More than a month after the U.S. Supreme Court ruled in Janus v. AFSCME that public employees can’t be forced to pay union fees, there is uncertainty whether Gov. Jay Inslee and his administration are fully implementing and abiding by the spirit of Janus, state Sen. Jan Angel said during a national panel discussion on the landmark court decision.
“This issue is about public employee choice and fairness. State employees deserve to know what their options are following the Janus decision. They should not have to jump through hoops to stop paying dues if that’s what they choose to do,” said Angel, R-Port Orchard.
“It’s been several weeks since the Supreme Court issued its ruling on Janus, but there already is a question of whether our state’s governor is circumventing it,” said Angel at the American Legislative Exchange Council’s annual conference in New Orleans. “Since the ruling in late June, the governor has received four letters from Washington Senate Republican Leader Mark Schoesler asking about implementing it so state employees are no longer forced to pay union fees, but there has been no written response from the governor. His silence on this is troubling and a bad sign.”
Angel, who provided a legislator’s perspective on the Janus panel, said she’s been told that the Inslee administration says it has stopped taking dues or fees from nonmember union workers.
“However, I’ve also been told that the unions consider pre-Janus membership agreements to be valid, so it sounds like the unions are continuing to take dues out of the paychecks of those state workers who either signed the new membership agreements from the start of 2018 until the Janus decision was announced, or any state employee who is still considered a full union member,” Angel said.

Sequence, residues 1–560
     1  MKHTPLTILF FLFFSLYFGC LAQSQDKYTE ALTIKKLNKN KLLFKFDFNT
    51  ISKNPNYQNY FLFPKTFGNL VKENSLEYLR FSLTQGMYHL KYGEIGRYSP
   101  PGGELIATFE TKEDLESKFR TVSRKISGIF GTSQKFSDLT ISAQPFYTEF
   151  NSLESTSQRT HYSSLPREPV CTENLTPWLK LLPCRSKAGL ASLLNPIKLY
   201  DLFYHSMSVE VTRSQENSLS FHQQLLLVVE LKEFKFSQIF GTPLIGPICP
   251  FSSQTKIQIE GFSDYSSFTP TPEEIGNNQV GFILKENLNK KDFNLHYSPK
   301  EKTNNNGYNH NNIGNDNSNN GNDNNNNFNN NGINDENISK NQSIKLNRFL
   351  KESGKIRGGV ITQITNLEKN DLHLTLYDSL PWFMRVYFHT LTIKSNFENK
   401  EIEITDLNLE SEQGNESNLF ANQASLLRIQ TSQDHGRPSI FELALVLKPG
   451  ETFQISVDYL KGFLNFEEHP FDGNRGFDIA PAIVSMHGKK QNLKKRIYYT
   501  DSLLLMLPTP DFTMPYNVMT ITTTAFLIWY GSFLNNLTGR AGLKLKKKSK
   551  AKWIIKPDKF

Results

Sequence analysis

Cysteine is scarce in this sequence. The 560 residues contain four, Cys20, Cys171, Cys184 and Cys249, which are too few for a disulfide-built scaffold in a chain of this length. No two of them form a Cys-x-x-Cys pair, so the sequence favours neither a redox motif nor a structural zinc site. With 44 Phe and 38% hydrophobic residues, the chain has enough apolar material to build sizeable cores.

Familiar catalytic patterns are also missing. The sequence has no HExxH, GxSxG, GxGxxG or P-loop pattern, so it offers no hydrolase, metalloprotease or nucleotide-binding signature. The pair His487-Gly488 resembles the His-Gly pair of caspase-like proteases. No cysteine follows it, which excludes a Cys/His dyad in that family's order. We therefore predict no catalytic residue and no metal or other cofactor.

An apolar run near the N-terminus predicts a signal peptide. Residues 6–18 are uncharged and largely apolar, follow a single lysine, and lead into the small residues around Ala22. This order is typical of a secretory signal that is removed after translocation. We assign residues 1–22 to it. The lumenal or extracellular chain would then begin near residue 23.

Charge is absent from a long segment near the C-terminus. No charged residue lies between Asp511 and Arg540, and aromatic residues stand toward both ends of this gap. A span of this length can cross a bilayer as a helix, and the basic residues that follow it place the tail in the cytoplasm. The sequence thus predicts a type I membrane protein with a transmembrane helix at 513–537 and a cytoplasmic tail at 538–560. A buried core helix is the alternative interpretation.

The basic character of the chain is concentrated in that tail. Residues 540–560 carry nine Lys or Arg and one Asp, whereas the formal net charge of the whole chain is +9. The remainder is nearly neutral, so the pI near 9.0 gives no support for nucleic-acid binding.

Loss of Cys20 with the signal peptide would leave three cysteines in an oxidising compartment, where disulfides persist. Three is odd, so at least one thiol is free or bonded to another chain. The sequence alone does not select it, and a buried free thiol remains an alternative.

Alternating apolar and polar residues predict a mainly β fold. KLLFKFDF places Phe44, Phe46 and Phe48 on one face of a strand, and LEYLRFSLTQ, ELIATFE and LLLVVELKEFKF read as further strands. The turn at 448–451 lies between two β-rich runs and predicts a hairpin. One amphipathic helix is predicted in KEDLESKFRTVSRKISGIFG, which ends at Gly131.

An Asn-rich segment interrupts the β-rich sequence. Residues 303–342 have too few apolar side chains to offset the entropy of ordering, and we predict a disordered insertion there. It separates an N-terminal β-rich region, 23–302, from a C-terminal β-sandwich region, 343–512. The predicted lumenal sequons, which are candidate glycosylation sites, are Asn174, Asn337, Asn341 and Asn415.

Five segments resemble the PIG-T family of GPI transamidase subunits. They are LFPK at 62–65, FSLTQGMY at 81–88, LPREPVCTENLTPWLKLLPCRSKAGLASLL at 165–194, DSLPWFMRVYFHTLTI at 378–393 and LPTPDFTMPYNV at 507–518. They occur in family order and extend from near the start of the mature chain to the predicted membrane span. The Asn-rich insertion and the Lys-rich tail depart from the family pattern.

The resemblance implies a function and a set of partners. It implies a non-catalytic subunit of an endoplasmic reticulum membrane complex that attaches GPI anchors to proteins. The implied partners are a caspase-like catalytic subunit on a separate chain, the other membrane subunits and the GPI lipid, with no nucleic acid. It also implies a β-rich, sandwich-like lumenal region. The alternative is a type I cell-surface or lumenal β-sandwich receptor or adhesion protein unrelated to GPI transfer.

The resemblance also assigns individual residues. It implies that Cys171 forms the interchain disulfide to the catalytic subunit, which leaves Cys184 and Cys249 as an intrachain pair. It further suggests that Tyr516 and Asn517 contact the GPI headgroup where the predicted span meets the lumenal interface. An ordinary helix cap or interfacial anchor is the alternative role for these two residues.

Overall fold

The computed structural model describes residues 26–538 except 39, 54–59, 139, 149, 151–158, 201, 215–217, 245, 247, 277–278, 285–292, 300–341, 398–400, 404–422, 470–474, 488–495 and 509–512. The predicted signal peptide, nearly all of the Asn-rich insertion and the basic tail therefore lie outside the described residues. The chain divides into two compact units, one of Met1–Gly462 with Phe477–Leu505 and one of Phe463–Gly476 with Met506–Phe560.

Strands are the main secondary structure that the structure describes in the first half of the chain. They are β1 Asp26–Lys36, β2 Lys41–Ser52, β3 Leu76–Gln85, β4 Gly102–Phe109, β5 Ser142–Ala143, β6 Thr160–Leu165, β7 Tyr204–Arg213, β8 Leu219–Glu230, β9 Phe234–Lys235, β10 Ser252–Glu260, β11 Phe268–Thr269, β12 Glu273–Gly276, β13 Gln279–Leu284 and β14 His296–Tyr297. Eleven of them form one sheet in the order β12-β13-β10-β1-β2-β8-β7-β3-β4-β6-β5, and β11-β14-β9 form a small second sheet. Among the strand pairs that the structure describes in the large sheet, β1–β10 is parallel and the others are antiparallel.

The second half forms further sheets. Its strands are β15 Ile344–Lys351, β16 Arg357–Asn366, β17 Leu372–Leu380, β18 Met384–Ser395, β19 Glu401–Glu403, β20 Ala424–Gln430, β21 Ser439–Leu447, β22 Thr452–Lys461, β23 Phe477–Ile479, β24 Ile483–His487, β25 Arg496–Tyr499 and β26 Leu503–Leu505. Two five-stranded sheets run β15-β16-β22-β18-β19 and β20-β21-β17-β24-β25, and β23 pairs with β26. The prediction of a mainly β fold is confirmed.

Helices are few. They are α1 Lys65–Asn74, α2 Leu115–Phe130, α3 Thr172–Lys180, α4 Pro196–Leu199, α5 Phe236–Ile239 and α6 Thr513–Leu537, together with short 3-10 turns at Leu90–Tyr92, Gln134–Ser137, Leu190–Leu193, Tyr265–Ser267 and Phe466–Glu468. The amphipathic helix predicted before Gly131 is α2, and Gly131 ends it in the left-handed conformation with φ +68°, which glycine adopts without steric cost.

She stressed that the Inslee administration needs to fully inform union employees of their rights when it comes to paying dues and fees.
During the panel discussion, Angel cited a July 12 letter that Schoesler wrote to Inslee about Janus. Part of it reads:
“…it would appear WFSE (Washington Federation of State Employees) is maneuvering around the Janus decision and continuing to charge fees that violate the spirit of Janus. Recently, an employee who opted out of WFSE membership received a communication notifying them that the deduction of ‘representation fees’ ceased but on their next pay stub, they noticed that they were paying a new fee called ‘Maintenance of Membership.’
“This employee called the union again to have the fee removed. They also asked that the fee be credited, which many employees may not realize is an option. Apparently, there is only one person with this union who can perform that task and an employee would have to make the request to that person directly.”
Angel pointed to an Aug. 5 Wall Street Journal story about the ruling’s impact on state employee unions. The story mentioned Mike Stone, a child-support worker in Olympia who has been trying to stop paying dues to the Washington Federation of State Employees since the ruling in June. According to the story, the union denied his request because he signed a union card in March and did not notice that he had agreed to pay dues for the next year. “It was very small print, and unfortunately I missed that part,” Stone told the WSJ.
The Freedom Foundation, a free-market think tank with an office in Olympia, recently filed a lawsuit on behalf of Stone and six other state employees who work for the Department of Health, Department of Social and Health Services, Department of Transportation, Health Care Authority or Department of Labor & Industries. The defendants are Inslee and the agency directors for the Office of Financial Management, DOH, DSHS, DOT and L&I. The lawsuit was filed with the U.S. District Court’s Western District in Tacoma.
“Washington has one of the highest union membership rates in the U.S., according to a U.S. Department of Labor report, so we want to make sure that our employees have choice and are treated fairly,” Angel said.